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Architectural Styles of Stone Buildings of Ancaster

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Text by Robert Williamson, Feb. 29, 2008
With photos by Gerard Middleton
Research by Jim Green

Ancaster Township has an abundance of stone buildings, bridges and walls that were constructed between 1800 and 1900. Hence Ancaster has become a unique time capsule of interesting stone buildings representing several periods of design and styles that are seldom found collectively in other Ontario communities.

This is the earliest style of stone architecture in Ancaster. It began with the end of the War of 1812 when pattern books of classical detailing were available from England. These buildings were constructed on the traditional or simple, Georgian one-storey box plan. They have the following identifiable features.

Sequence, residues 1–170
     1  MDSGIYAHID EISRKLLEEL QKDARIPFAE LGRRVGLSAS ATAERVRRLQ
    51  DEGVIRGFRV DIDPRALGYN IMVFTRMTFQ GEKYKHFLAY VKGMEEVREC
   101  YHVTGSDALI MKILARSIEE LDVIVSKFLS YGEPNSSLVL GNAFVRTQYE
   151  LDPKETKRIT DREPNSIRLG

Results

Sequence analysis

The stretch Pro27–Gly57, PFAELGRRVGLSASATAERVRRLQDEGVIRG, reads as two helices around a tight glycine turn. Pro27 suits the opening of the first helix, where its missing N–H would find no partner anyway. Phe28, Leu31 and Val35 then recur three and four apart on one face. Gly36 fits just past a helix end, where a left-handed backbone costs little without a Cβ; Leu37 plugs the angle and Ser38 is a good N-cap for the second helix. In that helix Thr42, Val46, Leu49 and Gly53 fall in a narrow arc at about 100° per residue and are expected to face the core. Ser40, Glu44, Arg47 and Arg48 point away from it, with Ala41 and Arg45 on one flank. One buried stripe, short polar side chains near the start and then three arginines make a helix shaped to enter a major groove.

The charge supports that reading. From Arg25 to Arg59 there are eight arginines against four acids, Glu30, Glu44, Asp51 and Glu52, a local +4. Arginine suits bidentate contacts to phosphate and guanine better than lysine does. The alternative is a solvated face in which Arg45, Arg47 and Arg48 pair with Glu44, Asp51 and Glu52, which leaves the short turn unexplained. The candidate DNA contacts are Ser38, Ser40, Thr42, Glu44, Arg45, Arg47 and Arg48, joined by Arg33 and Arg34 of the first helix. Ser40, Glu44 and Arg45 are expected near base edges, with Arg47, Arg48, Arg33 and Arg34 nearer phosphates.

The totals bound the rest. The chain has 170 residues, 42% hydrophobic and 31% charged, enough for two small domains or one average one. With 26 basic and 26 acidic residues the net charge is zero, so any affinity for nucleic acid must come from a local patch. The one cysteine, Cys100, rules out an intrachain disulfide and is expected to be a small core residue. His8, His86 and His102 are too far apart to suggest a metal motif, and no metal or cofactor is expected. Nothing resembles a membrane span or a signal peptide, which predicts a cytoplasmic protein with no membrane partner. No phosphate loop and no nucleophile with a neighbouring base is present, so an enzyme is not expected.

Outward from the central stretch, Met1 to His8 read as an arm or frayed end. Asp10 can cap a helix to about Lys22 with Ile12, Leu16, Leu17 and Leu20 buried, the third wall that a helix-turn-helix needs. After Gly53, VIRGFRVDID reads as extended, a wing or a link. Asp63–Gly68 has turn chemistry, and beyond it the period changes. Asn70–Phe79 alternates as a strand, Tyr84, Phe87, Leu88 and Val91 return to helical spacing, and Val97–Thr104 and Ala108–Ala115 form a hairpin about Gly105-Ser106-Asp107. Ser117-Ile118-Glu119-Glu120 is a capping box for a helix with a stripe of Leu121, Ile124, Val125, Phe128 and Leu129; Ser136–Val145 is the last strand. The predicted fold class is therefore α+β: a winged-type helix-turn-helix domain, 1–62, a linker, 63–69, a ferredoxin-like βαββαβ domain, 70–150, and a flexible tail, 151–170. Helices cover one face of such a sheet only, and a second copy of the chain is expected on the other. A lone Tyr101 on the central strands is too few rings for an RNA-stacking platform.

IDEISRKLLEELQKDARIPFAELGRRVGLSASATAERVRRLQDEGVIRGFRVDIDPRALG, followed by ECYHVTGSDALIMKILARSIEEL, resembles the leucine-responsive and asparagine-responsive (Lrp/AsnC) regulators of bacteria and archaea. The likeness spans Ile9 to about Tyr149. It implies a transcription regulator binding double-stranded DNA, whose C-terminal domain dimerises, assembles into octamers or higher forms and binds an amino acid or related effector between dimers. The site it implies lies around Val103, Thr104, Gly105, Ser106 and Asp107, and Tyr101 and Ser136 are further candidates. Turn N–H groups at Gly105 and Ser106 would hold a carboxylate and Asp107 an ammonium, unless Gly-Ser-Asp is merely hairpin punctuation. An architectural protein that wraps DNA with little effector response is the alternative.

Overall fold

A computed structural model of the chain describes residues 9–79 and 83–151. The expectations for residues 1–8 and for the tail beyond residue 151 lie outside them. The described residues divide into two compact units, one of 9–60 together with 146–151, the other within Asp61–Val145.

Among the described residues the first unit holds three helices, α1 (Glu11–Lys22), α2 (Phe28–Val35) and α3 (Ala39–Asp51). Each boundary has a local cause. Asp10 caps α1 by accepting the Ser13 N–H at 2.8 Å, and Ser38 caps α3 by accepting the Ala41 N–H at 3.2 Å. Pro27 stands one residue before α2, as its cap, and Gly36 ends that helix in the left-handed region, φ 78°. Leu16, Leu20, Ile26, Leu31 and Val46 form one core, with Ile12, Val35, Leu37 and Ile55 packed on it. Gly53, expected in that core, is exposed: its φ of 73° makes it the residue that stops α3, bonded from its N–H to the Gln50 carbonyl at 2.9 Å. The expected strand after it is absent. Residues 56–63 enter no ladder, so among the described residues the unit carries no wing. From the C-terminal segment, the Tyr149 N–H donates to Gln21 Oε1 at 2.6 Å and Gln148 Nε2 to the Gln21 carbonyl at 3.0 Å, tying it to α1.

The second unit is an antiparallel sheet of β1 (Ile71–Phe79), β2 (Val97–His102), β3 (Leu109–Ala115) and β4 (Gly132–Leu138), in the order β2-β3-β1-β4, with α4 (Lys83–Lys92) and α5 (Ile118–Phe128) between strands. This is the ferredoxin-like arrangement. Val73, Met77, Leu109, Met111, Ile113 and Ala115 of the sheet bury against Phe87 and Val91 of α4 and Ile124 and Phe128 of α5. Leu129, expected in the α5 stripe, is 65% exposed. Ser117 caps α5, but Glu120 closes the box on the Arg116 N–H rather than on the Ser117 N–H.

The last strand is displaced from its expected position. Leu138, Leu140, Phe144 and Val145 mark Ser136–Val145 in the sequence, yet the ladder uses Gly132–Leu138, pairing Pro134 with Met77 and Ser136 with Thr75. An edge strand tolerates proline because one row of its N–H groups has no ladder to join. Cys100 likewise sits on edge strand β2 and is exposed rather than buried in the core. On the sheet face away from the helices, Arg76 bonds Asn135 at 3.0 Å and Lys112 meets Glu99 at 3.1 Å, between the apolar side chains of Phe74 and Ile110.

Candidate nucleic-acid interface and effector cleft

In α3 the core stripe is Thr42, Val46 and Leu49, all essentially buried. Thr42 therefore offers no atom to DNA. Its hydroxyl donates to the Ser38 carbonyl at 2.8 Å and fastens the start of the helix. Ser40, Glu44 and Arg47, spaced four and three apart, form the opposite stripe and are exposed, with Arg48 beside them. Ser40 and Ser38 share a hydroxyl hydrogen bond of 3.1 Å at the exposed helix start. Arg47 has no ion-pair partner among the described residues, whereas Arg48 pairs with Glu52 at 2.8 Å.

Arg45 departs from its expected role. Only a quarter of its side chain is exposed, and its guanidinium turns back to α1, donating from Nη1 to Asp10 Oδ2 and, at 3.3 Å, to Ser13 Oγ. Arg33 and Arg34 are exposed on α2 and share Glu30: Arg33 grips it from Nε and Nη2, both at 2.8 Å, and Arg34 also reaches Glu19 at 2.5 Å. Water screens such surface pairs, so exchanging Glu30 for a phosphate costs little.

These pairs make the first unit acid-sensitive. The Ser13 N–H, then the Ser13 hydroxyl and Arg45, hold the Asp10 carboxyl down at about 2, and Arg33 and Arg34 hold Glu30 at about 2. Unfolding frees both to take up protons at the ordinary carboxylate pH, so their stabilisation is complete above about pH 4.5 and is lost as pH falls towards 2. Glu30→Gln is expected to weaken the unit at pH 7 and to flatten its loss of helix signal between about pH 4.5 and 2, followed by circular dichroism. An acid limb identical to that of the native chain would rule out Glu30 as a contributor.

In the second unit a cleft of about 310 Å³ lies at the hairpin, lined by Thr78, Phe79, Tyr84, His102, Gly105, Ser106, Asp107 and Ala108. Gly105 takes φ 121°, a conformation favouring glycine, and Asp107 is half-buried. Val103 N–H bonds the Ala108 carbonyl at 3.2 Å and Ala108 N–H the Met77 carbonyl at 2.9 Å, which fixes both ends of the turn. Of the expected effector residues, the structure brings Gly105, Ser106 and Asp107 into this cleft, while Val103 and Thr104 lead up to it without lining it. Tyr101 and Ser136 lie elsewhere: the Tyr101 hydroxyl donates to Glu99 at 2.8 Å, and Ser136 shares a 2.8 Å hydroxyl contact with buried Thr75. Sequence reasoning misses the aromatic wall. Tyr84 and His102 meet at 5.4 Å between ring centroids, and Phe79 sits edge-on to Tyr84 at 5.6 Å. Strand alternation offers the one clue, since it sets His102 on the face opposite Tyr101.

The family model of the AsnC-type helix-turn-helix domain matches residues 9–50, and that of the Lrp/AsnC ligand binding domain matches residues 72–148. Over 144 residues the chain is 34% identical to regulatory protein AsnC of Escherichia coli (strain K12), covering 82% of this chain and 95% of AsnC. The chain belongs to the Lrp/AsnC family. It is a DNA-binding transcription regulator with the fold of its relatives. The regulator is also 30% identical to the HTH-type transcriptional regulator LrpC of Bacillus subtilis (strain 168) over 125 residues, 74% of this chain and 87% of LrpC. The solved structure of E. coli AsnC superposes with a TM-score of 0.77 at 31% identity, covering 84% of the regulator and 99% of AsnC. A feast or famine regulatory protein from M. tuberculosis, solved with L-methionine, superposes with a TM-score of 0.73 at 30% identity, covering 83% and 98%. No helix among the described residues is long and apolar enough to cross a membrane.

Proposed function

• The front door is central with glass sidelights and a transom, usually fan shaped.
  • The door may have optional pilasters to look like columns or a small portico with or without real pillars.
  • The two front windows are always 12 pane sash windows.
  • There is a double chimney, one at each end of the house.
  • The corners are usually finished in sandstone decorative quoins.

    John & James Calder or Andrew Sloss House (built 1842 or ca 1855?), 372 Butter Road, Carluke

    Figure 1. 372 Butter Rd

    Peter Gordon & Paddy Green cottages, (built ca.1850), have all the neo-classical features but have been altered in appearance with their modern second story additions.

    Figure 2. 104 Paddy Green Rd

    Major McFarlane’s home, (built ca.1820), at 688 Governors Road is a typical neo-classical design except for the addition of a modern dormer and a modern portico.

    Figure 3. 688 Governor's Rd

    Mountain Park, also known as Oak Knoll, the Robert Berry home, 271 Lime Kiln Road (built ca 1822). Robert married Helen Eliza, daughter of William Butler, or Butler’s Rangers fame). It is a beautiful example of a pillared portico -- the dormer is a modern addition. This house is unusual because it is asymmetrical with two windows on the right side.

    Figure 4. 271 Lime Kiln Rd

    The John Lampman home, (built 1854), 1021 Garner Rd E has all the neo-classical features but the large portico is a modern addition and is unpleasantly disproportional.

    Figure 5. 1021 Garner Rd East